In parallel to the competition, the Richard H. Driehaus Building Arts Awards have been bestowed since 2017 to honour and publicise outstanding masters of the building arts. Accordingly the applicant projects are divided into four categories, each rewarded with a €10,000 prize and a commemorative plaque. Moreover, in order to give continuity to the work of such master artisans, one of the four award-winners each year receives the Donald Gray Building Arts Grant. This involves support of €14,000 for the selected master craftsperson for training an apprentice over a whole year. These apprentices in turn receive support of €12,000.
The National Network of Traditional Master Builders was set up in 2016 as a national directory of the leading masters of building trades active today. A large number of these craftspeople are listed in it along with some of their most notable work, the techniques they use and their contact details. The Network of Masters makes these trades accessible to society at large, helping them to be better known and appreciated. Moreover, with the visibility given to the masters included, demand for their work is encouraged, along with transmission of their expertise. So far, more than 2,000 practitioners have been identified and studied, and after an evaluation of their work, more than 450 have been selected.
In 2019, The Richard H. Driehaus Heritage Preservation Medal was created. It is a companion award to the Manzano Prize for New Traditional Architecture which recognizes entrepreneurs, developers, heads of foundations or other institutions that are making significant contributions to preserve and build upon heritage and architectural traditions in Spain and Portugal.
This constant activity over the past decade has included many other cultural projects: congresses, exhibitions, publications and other initiatives that have brought the national and international public closer to the often overlooked qualities of the magnificent urban and cultural heritage of Spain and Portugal.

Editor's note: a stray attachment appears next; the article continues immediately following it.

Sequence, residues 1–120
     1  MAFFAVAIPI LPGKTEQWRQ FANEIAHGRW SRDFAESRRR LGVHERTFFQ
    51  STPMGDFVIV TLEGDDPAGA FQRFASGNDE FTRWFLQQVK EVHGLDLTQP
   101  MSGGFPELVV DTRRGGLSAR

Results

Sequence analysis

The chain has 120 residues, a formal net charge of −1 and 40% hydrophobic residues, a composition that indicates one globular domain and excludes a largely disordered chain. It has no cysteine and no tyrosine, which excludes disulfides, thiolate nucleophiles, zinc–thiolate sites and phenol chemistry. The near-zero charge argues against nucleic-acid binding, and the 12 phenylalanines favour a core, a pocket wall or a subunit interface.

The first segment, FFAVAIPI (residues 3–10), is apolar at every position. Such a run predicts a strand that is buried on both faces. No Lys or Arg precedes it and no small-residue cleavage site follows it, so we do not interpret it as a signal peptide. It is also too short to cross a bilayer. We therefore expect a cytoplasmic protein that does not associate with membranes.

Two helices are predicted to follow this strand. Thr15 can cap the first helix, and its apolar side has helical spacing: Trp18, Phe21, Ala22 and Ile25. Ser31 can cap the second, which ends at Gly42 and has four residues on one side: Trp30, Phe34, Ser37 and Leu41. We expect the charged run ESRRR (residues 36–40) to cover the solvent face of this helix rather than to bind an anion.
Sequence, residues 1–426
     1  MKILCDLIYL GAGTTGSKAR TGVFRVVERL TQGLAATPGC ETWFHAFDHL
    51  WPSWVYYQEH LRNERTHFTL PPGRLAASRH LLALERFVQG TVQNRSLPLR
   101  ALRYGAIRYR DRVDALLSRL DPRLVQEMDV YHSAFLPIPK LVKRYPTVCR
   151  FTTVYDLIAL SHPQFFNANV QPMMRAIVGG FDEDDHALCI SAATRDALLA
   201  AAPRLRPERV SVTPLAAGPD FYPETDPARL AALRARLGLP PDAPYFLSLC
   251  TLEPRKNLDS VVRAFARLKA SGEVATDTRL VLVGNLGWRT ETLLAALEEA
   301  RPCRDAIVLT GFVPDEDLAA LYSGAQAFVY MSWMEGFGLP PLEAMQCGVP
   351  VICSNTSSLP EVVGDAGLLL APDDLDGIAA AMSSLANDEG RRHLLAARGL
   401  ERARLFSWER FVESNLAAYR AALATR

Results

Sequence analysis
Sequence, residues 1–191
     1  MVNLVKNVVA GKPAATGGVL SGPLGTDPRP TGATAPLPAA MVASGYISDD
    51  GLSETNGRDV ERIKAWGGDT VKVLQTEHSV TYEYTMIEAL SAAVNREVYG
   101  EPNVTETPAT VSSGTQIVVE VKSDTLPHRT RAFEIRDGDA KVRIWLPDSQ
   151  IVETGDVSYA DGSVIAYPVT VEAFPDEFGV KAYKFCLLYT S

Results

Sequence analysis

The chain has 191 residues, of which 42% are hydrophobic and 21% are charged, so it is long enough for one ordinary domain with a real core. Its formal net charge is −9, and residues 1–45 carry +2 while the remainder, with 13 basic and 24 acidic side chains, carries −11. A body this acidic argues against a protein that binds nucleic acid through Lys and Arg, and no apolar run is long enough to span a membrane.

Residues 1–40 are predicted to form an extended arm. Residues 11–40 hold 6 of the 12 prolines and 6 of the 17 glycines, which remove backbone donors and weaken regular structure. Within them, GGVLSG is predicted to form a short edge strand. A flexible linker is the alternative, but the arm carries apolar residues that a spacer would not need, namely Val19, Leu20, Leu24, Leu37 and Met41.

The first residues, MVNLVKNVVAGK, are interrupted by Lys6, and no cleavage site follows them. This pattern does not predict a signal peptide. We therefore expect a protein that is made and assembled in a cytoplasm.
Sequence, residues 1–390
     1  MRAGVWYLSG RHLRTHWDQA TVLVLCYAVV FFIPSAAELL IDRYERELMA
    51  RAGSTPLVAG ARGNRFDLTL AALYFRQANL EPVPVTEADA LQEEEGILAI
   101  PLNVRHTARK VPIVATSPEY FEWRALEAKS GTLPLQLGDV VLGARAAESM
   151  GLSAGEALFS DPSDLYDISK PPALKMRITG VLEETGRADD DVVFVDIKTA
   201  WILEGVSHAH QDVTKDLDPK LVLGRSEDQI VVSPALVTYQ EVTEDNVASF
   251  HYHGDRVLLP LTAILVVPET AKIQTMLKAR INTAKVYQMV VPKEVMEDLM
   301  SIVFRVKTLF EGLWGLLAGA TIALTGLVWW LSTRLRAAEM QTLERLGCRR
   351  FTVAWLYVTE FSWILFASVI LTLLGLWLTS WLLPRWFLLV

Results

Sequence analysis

He also worked with many Spanish institutions on various projects. These notably include the Ministerio de Transportes, Movilidad y Agenda Urbana, the Ministerio de Cultura y Deporte, the Instituto del Patrimonio Cultural de España, Infraestructuras de Portugal, the Gobierno de Navarra, the Gobierno de Cantabria, the Governo dos Açores, the Real Academia de Bellas Artes de San Fernando, the Real Academia de Bellas Artes de Santa Isabel de Hungría, the Real Academia Sevillana de Buenas Letras, the Fundación Medinaceli, la Prince’s Foundation, el Smithsonian Center for Folklife and Cultural Heritage, Hispania Nostra, the Universidad de Alcalá, the Universidad Alfonso X el Sabio, the Universidad de Cantabria, the Universidad de Castilla-La Mancha, the Universidad de Navarra, the Universidad del País Vasco, the Universidad de Sevilla, the Universidad Politécnica de Madrid, the Centro de Investigación de Arquitectura Tradicional, the Universidad Politécnica de Valencia, the Escola Superior Gallaecia, the ISCTE (Instituto Universitário de Lisboa, the Universidade de Évora, CHAM Açores, the University of Notre Dame, the University of Miami, the Benedictine College, the Judson University, the Pontifical and Royal University of Santo Tomás de Manila and the Consejo Superior de Colegios de Arquitectos de España, among many others.